When geologists set out to probe beneath the old coal-mining region of Southeastern France, they were hoping to find a trove of fossil fuels locked deep within its subsoil. Much to their surprise, they stumbled across something even more enticing: what might be the world’s biggest known deposit of white hydrogen.
If their estimations are accurate, the region harbors up to 46 million tonnes of white hydrogen, which could potentially offer a carbon-neutral fuel to help the European Union transition away from dirty fossil fuels. Harnessing the power of this stuff, however, will be no easy feat.
The site is found in the Lorraine, a region of France once famous for coal mining, now best known for its quiche. While on the hunt for methane gas in the area's coal-rich basin, a team from the University of Lorraine and France’s National Centre of Scientific Research (CNRS) probed the subsoil and picked up on unexpectedly high levels of hydrogen.
The further down they probed, the higher the concentrations. Concentrations of hydrogen were at around 15 percent at 1,093 meters (3,585 feet) deep, then 20 percent at 1,250 meters (4,101 feet) down. Their calculations estimate that concentrations could be as high as 98 percent at a depth of 3,000 meters (9,842 feet), although they are yet to reach this far.
“Our data indicates that the ground under the Lorraine mining basin is very rich in white hydrogen. If confirmed, this discovery could be a big step forward in the transition towards clean, climate-friendly energy sources,” Philippe de Donato, director of research at CNRS and researcher at the University of Lorraine, said in a statement this summer.
Hydrogen is the most abundant element in the universe, although it rarely exists in pure form and is typically found combined with other elements, such as combined with oxygen to make water.
When people talk about hydrogen as a fuel, they often talk in terms of colors. White hydrogen is essentially natural hydrogen in its naturally occurring molecular form, as opposed to “grey hydrogen” or “black hydrogen” which are produced via industrial processes that can pump out carbon. White hydrogen is particularly alluring as it doesn’t need processing and produces no greenhouse gas emissions when combusted, thereby offering a potential clean-burning energy source.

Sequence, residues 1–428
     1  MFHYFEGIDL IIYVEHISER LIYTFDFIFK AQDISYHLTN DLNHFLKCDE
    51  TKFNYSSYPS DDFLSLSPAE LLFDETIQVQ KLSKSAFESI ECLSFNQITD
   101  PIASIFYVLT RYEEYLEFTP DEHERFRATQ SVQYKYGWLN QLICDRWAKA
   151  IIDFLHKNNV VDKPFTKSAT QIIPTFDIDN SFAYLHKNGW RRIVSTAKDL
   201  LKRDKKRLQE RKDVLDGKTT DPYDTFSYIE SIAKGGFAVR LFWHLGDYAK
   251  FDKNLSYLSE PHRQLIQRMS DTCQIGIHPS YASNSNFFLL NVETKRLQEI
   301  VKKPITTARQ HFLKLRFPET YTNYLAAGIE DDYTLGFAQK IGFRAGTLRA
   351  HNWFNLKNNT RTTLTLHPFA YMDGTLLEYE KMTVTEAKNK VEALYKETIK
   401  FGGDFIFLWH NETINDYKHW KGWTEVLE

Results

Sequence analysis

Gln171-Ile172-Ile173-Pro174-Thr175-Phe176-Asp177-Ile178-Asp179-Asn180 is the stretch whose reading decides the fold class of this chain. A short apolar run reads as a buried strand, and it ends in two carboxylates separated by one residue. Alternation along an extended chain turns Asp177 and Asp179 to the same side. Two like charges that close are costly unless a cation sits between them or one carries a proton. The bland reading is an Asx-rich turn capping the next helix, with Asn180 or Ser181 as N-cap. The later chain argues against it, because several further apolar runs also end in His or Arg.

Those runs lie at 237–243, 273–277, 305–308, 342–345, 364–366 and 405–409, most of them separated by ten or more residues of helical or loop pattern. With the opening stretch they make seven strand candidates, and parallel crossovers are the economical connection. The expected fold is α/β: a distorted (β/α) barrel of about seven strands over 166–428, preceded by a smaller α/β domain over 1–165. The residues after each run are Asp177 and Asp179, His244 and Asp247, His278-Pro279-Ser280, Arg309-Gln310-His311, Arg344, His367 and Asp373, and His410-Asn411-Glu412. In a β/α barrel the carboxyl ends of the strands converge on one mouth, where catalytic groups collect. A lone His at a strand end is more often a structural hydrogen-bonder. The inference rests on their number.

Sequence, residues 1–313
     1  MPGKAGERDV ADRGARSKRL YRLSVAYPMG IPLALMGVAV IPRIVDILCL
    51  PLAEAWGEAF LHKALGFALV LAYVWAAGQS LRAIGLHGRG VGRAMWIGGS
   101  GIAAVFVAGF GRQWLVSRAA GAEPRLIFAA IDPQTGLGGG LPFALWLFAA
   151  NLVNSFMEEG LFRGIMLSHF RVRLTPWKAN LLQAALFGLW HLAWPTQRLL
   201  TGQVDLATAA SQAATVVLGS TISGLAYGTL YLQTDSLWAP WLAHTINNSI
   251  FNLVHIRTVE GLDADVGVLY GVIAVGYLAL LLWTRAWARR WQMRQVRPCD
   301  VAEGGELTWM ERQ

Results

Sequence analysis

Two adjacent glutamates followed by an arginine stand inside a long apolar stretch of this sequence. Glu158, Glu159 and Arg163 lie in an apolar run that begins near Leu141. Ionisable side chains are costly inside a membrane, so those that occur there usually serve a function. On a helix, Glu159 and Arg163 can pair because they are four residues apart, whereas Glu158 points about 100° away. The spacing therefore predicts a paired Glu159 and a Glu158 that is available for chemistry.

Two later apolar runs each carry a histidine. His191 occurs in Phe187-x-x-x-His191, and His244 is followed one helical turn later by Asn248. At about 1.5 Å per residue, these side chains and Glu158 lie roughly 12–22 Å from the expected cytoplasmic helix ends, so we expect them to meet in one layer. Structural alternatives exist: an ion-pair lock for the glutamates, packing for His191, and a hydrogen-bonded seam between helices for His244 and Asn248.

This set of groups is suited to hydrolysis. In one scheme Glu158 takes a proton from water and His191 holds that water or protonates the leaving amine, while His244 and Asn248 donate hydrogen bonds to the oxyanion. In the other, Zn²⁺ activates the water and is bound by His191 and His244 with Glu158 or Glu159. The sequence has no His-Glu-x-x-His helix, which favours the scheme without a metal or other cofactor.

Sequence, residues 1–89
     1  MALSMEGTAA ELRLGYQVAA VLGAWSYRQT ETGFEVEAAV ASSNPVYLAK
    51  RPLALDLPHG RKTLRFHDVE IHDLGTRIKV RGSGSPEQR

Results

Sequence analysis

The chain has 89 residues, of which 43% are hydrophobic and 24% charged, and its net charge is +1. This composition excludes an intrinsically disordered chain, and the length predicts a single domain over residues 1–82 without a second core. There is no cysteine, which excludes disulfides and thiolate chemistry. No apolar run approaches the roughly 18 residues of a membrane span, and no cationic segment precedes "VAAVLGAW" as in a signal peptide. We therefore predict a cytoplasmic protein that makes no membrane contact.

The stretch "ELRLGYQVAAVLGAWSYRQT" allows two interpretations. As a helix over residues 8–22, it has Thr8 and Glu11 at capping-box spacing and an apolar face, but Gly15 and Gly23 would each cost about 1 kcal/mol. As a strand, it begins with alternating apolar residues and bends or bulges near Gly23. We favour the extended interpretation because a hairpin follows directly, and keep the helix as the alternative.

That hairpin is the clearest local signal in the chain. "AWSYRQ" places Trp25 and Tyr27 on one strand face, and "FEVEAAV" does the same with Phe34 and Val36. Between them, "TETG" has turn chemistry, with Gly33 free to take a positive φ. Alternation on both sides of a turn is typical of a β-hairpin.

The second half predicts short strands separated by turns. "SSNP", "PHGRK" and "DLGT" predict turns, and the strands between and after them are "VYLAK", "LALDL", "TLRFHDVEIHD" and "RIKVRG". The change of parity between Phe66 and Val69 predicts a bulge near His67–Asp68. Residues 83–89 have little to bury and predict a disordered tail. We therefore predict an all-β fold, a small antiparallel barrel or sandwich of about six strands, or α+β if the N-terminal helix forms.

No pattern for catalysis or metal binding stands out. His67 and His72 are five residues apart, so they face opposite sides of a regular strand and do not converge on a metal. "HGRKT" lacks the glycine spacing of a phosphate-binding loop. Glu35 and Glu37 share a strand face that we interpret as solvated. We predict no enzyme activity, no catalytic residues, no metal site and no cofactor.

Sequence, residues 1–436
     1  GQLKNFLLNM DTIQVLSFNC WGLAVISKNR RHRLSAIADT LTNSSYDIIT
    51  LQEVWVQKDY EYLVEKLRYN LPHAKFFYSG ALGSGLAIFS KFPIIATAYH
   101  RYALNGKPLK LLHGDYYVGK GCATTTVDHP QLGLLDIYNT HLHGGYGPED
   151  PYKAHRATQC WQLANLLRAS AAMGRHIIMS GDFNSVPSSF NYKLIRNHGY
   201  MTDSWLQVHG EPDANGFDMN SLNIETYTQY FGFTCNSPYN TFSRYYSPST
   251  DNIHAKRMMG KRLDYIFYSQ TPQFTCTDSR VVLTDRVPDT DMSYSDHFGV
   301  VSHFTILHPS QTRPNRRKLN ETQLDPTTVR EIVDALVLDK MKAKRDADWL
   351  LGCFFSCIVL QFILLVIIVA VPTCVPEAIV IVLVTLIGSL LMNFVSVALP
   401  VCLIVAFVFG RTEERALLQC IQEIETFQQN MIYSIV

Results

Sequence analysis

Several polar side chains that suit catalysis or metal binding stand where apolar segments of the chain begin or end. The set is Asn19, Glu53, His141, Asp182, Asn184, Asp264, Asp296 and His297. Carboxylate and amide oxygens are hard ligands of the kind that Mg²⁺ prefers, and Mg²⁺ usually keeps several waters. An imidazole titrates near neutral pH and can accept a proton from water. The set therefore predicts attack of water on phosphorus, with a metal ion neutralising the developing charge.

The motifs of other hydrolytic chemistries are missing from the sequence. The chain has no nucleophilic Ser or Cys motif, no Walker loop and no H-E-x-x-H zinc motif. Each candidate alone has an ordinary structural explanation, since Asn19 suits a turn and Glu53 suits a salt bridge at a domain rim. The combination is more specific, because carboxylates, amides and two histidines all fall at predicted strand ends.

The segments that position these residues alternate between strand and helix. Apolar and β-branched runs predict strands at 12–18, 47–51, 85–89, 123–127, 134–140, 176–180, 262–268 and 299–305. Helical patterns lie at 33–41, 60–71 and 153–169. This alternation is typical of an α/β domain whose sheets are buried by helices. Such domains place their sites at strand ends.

“It’s called ‘white’ because its production doesn’t generate greenhouse gases. Unlike ‘black’ and ‘grey’ hydrogen, which are manufactured by processing coal and natural gas respectively – in other words, fossil fuels that generate large amounts of [greenhouse gases] – white hydrogen is directly available,” explained Jacques Pironon, director of research at GeoRessources lab at the University of Lorraine.
“This gas is even more ecological than ‘green’ hydrogen, which is produced by the electrolysis of water using electricity from renewable energy – solar or wind. Indeed, these two energy sources are not neutral in terms of CO2 emissions, which are released throughout their production chain and during their transport,” added Pironon.
Given these carbon-free credentials, it holds the potential to become the fuel of the future, but there are humongous hurdles to overcome. First and foremost, there are currently no clear strategies for exploiting white hydrogen.
Even when it comes to this deposit in France, a huge amount of work lies ahead. Initially, they need to prove that the concentration of hydrogen keeps increasing at depths greater than 1,200 meters (3,937 feet), which is as far as their current probes can go. Beyond this, there are many question marks about how this fuel could be harnessed – and whether there will be a viable market for it.
Nevertheless, the project is slowly gathering steam. In light of these recent discoveries, Française de l'Énergie, a France-based company involved in gas exploration, has applied for a mining exploration permit in an area covering 2,254 square kilometers (870 square miles) of the Lorraine region.
[H/T: Ars Technica]